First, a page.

Yet another advantage of the present invention is that it provides an accurate system and method of determining a location of a lifting device of a load-handling vehicle.

These and other advantages of the invention will be apparent from the description of the invention provided herein.

BRIEF DESCRIPTION OF THE DRAWINGS

FIG. 1 is a schematic view of a load-handling vehicle on the ground with relation to a base station and a plurality of orbiting global positioning satellites.

FIG. 2 is a rear elevation of a rubber tire gantry crane suitable for use a load-handling vehicle according to teachings of the present invention.

FIG. 3 is a side elevation of a side loader suitable for use as a load-handling vehicle according to teachings of the present invention.

FIG. 4 is a flow chart illustrating an exemplary process for managing an inventory according to teachings of the present invention.

FIG. 5 is a schematic diagram of a system according to teachings of the present invention.

FIG. 6 is a schematic plan view of a vehicle approaching an item to be retrieved, the crane having present vehicle orientation ΦVP that matches a desired vehicle orientation

FIG. 7 is a schematic plan view of a vehicle parked at a desired ground position wherein the lifting mechanism must be moved a lateral distance AL to latch the item located at the actual storage location position XS1, YS1, ZS1.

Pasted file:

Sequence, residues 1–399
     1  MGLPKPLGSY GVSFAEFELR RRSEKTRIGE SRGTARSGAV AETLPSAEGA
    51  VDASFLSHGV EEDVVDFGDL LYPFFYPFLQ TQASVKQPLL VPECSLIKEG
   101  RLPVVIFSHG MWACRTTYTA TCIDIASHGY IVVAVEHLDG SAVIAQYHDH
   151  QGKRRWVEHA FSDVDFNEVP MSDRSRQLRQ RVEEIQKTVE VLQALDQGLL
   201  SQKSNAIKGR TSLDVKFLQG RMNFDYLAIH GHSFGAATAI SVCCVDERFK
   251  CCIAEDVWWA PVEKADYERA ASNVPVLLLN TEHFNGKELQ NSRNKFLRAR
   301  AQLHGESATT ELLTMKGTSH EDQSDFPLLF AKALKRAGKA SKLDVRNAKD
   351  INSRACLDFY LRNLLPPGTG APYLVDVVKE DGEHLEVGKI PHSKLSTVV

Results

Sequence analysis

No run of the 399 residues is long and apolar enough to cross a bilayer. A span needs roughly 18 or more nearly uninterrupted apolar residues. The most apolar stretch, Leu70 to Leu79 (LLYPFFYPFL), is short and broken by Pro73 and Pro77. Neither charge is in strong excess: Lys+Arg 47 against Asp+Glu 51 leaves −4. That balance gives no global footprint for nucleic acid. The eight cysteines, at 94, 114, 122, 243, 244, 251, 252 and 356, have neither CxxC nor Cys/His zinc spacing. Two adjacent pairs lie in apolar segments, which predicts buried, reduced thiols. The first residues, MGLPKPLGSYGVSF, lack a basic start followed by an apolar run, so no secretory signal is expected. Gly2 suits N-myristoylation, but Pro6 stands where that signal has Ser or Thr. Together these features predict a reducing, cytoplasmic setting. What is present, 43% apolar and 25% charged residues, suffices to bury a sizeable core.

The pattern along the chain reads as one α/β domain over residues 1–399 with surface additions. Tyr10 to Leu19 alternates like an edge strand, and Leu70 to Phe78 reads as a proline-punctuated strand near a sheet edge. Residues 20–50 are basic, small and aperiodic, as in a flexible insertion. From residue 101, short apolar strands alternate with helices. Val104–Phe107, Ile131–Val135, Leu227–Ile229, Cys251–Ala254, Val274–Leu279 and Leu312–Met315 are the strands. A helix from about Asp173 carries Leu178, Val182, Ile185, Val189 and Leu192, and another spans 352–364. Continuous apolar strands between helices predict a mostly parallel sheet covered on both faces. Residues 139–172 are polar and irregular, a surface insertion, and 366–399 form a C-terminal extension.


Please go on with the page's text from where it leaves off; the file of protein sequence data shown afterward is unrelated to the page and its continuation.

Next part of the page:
DETAILED DESCRIPTION OF THE INVENTION

The following examples further illustrate the invention but, of course, should not be construed as in any way limiting its scope.

Referring to FIG. 1, a storage facility is illustrated having a base station 100, at least one load-handling vehicle 200 that travels on the ground, and a plurality of items 30 located at various storage locations in the facility. A three-dimensional matrix is used for determining the locations of the vehicle 200 and items relative to axes X, Y, and Z. For example, as shown in FIG. 1, an actual storage location of an item is indicated as XS, YS, ZS, and a present ground position of the vehicle is XVP, YVP, ZVP. A plurality of orbiting global positioning satellites 40 is illustrated.

The vehicle 200 has a movable lifting device 250 that is configured to lift at least one of the items 30. The items 30 illustrated herein are standard shipping containers of a generally known type, which have latching structures located at the respective upper comers of each container. The lifting device 250 includes four twistlocks operable to selectively latch and unlatch the item 30. The invention herein will be described to the illustrated example, however, it will be understood that the invention may be used with an inventory of any type of corresponding vehicle, lifting device, and item. For example, in various embodiments, the lifting device may a spreader for lifting an item such as a truck trailer, or the vehicle could be a forklift. Those skilled in the art will also recognize that the items 30 may be placed in storage locations on the ground, stacked on top of each other, or vertically arranged on racks or shelves.